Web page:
Thursday, July 9, 2009

"When I was a kid..." doesn't cut it with car seat safety.

I was pleased to read this post on the Kyle David Miller Foundation Blog recently, about how practices that seemed safe a long time ago are now known to be unsafe. Think about how much more we know today, about cigarettes, asbestos, pre-natal healthcare, bisphenol A! I wrote a similar piece as a press release last year, and posted it on the website. Same idea, with data and footnotes. Here it is, in case you missed it: July 8, 2008 "Back in the day..." is no excuse for slacking on safety.

Many people dismiss car seat safety, saying, “When I was a kid, we didn’t ride in car seats, and we turned out fine.” They go on: "We sat five across on a bench seat, no belts... My parents took me home in a laundry basket on the floor of the back seat... I used to ride in the front seat between my mother and father..." (Of course, the voices of those who were not so lucky to have "turned out fine" are not being considered!) While skeptics may use their own childhood experiences as references, they should remember that it’s not just the type or number of products that's different: The nature of driving itself has changed significantly in the past 30 years:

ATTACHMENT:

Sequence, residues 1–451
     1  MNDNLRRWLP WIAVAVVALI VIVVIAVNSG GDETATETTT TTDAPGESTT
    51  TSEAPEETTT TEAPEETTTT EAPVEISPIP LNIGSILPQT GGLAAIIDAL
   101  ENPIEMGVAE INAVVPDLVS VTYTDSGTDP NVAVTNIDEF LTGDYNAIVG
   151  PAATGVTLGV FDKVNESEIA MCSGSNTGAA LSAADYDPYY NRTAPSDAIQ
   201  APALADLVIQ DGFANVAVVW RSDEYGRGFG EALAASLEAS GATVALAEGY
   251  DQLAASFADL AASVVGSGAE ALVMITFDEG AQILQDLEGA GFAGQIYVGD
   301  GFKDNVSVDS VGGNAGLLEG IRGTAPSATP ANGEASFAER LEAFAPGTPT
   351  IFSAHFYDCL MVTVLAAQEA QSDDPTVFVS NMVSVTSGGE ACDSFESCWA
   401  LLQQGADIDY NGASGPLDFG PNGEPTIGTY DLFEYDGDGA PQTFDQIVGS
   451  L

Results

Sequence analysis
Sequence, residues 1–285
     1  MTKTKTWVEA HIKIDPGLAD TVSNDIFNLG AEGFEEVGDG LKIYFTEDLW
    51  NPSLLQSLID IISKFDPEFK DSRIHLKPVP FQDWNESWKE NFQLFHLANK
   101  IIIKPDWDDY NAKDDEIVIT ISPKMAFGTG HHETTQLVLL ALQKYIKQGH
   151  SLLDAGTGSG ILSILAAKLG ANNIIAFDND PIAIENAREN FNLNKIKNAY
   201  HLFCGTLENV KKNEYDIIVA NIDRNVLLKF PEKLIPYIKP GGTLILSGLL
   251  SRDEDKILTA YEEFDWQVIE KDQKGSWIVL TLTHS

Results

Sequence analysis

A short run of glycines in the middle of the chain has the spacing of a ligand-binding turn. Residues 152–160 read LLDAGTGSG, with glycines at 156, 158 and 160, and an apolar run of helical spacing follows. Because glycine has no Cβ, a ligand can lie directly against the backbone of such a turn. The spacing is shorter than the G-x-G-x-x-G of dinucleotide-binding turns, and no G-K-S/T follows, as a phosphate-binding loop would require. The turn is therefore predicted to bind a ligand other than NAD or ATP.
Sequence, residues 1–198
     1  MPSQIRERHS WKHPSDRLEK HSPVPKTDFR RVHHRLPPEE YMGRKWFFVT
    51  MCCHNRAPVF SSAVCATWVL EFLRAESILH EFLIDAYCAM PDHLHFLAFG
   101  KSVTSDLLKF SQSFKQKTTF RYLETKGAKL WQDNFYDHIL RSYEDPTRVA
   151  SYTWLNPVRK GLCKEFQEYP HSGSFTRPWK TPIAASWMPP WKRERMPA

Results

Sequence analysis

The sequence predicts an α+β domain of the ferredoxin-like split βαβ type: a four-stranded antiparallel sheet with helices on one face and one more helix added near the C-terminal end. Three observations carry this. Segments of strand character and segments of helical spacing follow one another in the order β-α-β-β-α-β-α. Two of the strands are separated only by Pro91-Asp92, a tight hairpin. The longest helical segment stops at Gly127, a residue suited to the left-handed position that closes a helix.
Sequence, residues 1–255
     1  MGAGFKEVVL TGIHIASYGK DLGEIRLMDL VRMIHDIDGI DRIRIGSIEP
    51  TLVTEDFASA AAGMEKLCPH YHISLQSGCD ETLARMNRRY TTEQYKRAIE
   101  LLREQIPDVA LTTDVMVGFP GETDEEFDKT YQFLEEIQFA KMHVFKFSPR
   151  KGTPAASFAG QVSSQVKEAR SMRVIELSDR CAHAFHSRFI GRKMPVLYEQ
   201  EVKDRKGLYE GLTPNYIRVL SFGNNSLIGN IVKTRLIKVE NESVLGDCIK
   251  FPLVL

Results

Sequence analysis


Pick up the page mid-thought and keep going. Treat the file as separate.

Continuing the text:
1. There are 300% MORE CARS on US roads now than when we were kids.

According the Federal Highway Authority, the number of passenger vehicles has steadily risen, from 74 million in 1960 to over 231 million in 2004.(1) That means more traffic, more congestion, less parking, and more road rage. And drivers' attention is more divided than ever, with cell phones, DVD players, GPS systems -- not to mention non-technical distractions like eating, putting on makeup, or settling arguments between backseat passengers. Every one of these can be a factor in a collision.

2. The average US motor vehicle is nearly 20% HEAVIER than the ones we used to ride in.

According to the Center for Auto Safety, the weight of the average passenger car increased from 3,227 pounds in 1980 to 3,868 pounds in 2000. (2) Even at relatively low speeds like 30 miles per hour, the 600+ pound increase in one or more of the cars’ weight could dramatically increase the damage of a crash. Add to that the wider range of weights in the vehicles on today’s roads (from the Honda Civic DX at 2,628 pounds (3), to the AWD Cadillac Escalade at 5,708 pounds (4)), and the possibilities for injuries and fatalities are even greater.

3. The average American child spends MORE TIME in the car than ever.

The National Household Travel Study, released in 2003, found that three fourths of children aged 5 and younger rode in private cars daily, averaging 65 minutes per day. In reporting the study, the Washington Post wrote that younger children, not yet in school, probably spend significantly more time in the car than that. (5) Those with stay at home parents go wherever (and whenever) Mom or Dad goes, and those with working parents often drive with them to day care near the workplace. Suburban sprawl also makes a difference: "Fetching a carton of milk used to mean toting children along to the corner store. Now it means strapping them in for a 20-minute drive to K-Mart." (6) The more time spent in the car, the more risk of being in a collision. That's why most car crashes tend to happen close to home, not on the highway -- we spend more time close to home!